Wednesday, January 20, 2010

Luc Sante talking about Folk Photography

This has been sitting in my 'to do' tray for such a long time and I'm only just getting to it now. I remember reading last year in Aperture about this book. The postcard phenomenon is an interesting parallel to the internet and how that also further liberated photography as a creative medium. Whether this ultimately is a good or bad thing would be an interesting debate.
In this clip, writer and critic Luc Sante presents his latest book, Folk Photography: The American Real-Photo Postcard, 1905–1930 ... Sante explains the development of real-photo postcards in the first half of the 20th century in small American towns. Practiced by both amateur and professional photographers, the craze around these photo postcards was enhanced by the dissemination of pocket cameras. This non-academic art often dismissed by the history of photography inspired a generation of photographers such as Walker Evans and Dorothea Lange. A crucial mode of communications in isolate towns then, Sante explains how the meaning of these postcards has changed today, viewed as an archive of rural life at that time.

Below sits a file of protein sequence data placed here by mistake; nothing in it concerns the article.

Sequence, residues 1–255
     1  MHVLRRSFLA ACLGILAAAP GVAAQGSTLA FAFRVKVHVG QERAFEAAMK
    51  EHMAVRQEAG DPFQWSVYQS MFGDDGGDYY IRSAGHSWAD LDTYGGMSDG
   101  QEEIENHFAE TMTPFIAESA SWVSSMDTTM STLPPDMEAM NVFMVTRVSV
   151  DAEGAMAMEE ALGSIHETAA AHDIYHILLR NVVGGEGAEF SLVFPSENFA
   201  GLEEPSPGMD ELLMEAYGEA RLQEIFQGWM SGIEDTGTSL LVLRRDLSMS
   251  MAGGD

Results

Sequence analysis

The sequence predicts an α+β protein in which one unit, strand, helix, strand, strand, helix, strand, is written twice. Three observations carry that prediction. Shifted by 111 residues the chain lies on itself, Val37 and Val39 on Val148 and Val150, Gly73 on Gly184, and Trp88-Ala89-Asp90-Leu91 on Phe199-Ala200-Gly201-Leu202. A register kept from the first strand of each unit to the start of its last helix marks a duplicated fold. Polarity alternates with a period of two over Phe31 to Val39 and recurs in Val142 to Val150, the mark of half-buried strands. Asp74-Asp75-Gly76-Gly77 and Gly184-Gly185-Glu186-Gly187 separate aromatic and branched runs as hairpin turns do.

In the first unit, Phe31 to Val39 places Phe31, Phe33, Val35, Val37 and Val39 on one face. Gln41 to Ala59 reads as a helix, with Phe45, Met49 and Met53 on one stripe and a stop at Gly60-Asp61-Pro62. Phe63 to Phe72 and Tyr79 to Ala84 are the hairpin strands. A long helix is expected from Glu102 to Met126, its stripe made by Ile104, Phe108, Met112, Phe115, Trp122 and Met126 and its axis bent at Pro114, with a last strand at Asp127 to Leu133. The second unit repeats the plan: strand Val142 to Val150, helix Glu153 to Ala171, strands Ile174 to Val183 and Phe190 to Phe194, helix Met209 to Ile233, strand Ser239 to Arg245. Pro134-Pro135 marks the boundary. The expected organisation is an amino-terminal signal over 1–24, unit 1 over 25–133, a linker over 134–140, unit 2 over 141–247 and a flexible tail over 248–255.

Luc Sante: Parsons Lecture Series 1/2 from Aperture Foundation on Vimeo.

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